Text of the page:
Foodconsumer.org

 
USCards.com Bookmark Us
All Food, Diet and Health News 
 
 Misc. News
 Must-Read News
 Letter to Editor
 Featured Products
 Recalls & Alerts
 Consumer Affair
 Non-food Things
 Health Tips
 Interesting Sites
 
 Diet & Health
 Heart & Blood
 Cancer
 Body Weight
 Children & Women
 General Health
 Nutrition
 
 Food & Health
 Food Chemicals
 Biological Agents
 Cooking & Packing
 Technologies
 Agri. & Environ.
 Laws & Politics
 
 General Health
 Drug News
 Diseases
 Mental Health
 Infectious Disease
 Environment
 Lifestyle
 Government
 Other News
 
 Food Consumer
 FC News & Others
Search





Search Foodconsumer & Others


Add to Google
Add to My Yahoo
Newsfeed

foodconsumer.org news feed
Su bmit news[release]



More than 100 credit cards available at uscards.com from uscards.com, you can pick more than 100 credit cards


General Health : Environment Last Updated: Apr 20, 2011 - 9:38:09 AM


Industry says granite countertops are safe to use
By Sue Mueller
Jul 28, 2008 - 7:23:45 AM

E.mail t.his a.rticle
 P.rinter f.riendly p.age
Get n.ewsletter
 
   
MONDAY JULY 28, 2008 (foodconsumer.org) -- The Marble Institute of America on Friday responded to the studies by Rice University physics professor W.J. Llope saying that granite countertops pose no significant health risk.

Earlier, Llope was cited by Houston Chronicle as finding that some granite countertops generate gamma radiation and radon gas at a level that is considered dangerous by the U.S. government.

In its statement, the MIA categorized the studies as junk science and cited new U.S. Environmental Protection Agency (EPA) statements to say that radon gas and radiation released from granite countertops do not pose a risk.

The MIA represents producers and quarriers, fabricators, installers, distributors and contractors worldwide in the natural dimension stone industry.

"While natural minerals such as granite may occasionally emit radon gas, the levels of radon attributable to such sources are not typically high," the EPA statement was quoted by MIA as saying.

"EPA believes the principal source of radon in homes is soil gas that is drawn indoors through a natural suction process.”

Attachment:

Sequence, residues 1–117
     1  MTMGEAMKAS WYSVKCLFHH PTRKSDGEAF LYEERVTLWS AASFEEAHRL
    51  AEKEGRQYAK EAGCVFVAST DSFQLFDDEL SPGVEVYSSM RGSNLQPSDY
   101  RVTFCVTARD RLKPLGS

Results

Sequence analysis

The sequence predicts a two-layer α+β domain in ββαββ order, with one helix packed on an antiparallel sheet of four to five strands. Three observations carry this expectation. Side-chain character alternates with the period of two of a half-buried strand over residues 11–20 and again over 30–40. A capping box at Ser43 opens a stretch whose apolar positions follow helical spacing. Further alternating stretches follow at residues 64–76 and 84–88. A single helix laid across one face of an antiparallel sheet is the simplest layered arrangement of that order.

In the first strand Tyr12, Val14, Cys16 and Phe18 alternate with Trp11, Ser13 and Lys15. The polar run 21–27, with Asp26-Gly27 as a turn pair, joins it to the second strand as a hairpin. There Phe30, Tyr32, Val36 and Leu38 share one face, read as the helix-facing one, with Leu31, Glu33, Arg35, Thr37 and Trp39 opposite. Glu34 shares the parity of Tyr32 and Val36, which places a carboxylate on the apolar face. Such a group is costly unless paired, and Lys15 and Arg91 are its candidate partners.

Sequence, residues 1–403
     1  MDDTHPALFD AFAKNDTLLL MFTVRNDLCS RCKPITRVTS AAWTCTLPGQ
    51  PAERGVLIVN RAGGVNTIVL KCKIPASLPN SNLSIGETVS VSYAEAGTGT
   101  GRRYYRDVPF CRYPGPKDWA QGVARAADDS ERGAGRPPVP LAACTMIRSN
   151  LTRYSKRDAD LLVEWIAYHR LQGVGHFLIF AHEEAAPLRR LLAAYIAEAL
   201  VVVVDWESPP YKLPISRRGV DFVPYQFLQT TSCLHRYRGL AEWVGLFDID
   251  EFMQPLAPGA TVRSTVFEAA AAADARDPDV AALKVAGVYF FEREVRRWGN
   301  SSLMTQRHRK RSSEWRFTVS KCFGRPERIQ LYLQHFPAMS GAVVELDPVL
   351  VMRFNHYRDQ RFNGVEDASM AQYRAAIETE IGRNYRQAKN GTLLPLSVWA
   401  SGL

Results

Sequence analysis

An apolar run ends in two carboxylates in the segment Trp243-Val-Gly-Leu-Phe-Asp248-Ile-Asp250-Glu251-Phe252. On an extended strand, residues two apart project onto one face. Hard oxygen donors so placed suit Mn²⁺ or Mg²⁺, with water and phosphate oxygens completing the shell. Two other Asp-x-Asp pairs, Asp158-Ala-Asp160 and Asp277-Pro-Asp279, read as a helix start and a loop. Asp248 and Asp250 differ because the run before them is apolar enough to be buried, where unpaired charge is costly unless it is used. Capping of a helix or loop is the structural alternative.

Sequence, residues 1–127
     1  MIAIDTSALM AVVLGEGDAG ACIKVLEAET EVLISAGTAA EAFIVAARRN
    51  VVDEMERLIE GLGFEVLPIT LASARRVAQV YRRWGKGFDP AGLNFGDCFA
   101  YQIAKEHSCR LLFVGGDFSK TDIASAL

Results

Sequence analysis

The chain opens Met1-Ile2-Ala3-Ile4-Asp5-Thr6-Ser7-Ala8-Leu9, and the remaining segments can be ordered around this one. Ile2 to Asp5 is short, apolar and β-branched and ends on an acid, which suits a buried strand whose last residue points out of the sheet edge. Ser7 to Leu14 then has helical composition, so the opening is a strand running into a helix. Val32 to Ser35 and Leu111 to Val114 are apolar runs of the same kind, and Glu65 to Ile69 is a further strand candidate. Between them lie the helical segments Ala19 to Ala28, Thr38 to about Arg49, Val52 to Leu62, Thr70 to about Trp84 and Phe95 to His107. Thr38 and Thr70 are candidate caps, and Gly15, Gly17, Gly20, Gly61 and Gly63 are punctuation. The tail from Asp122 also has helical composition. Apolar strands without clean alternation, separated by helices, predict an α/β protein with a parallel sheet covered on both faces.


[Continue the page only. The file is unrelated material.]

In an EPA statement cited by the industrial organization, the EPA acknowledges that the "it is possible for any granite sample to contain varying concentrations of uranium that can produce radon gas.  Some granite used in countertops may contribute variably to indoor radon levels.”

But the government agency goes on to say that it "has no reliable data to conclude that types of granite used in countertops are significantly increasing indoor radon levels."

The MIA also quoted a statement by the EPA to discount worry about the radiation from granite countertops. "Construction materials such as concrete, cinder blocks, bricks, and granite contain small amounts of radioactive materials that are found naturally in the materials used to make them," meaning that radiation is not unique with granite countertops.

"Every time researchers have applied rigorous scientific standards to testing, the results have found that granite countertops pose no risk," said Jim Hogan, president of the MIA.

"Repeated studies have found that granite is safe. Unfortunately, some recent junk science being reported as fact only serves to panic the public, not inform it. Our goal is to end this fear mongering by facilitating the creation of a real scientific standard for testing granite countertops."

Llope tested 55 stones of 25 varieties of granite stones purchased from local dealers and found some homeowners would be exposed to 100 millirems of radiation in just a few months, exceeding the annual exposure limit set by the Department of Energy for visitors to nuclear labs.

Llope did not publish the names of the granite countertops that he found are most dangerous, but he was cited as saying that the highly radioactive varieties include striated granites from Brazil and Namibia.

In a document published on his website, Llope said there is no safe threshold for radiation and the general guideline is that each rem of radiation would cause cancer in 4 people in a population of 10,000.

Some granite countertops he tested released one rem of radiation in just 250 hours or 10 days.

But the MIA cited two recent studies by researchers at the University of Akron and Consumer Reports as finding no grounds to fear granite countertops because radon gas did not seem to be an issue.

It is not immediately clear if these two studies tested radiation from granite countertops.





© 2004-2008 by foodconsumer.org unless otherwise specified

Top of Page




Google
 
Web foodconsumer.org

Search Consumer-friendly Health Sites












We have moved to Food Consumer . Org



disclaimer | advertising | jobs | privacy | about us | newsletter | Submit news/articles
link partners: | Buy Viagra | MarketAmerica.com |
Buy a home | Auto Insurance | Mortgage refinancing | DaytonaCPA.com | Take Your Blog to a Higher Level
© Copyright 2004 - 2008 foodconsumer.org All rights reserved

Disclaimer: What's published on this website should be considered opinions of respective writers only and foodconsumer.org which has no political agenda nor commercial ambition may or may not endorse any opinion of any writer. No accuracy is guaranteed although writers are doing their best to provide accurate information only. The information on this website should not be construed as medical advice and should not be used to replace professional services provided by qualified or licensed health care workers. The site serves only as a platform for writers and readers to share knowledge, experience, and information from the scientific community, organizations, government agencies and individuals. Foodconsumer.org encourages readers who have had medical conditions to consult with licensed health care providers - conventional and or alternative medical practitioners.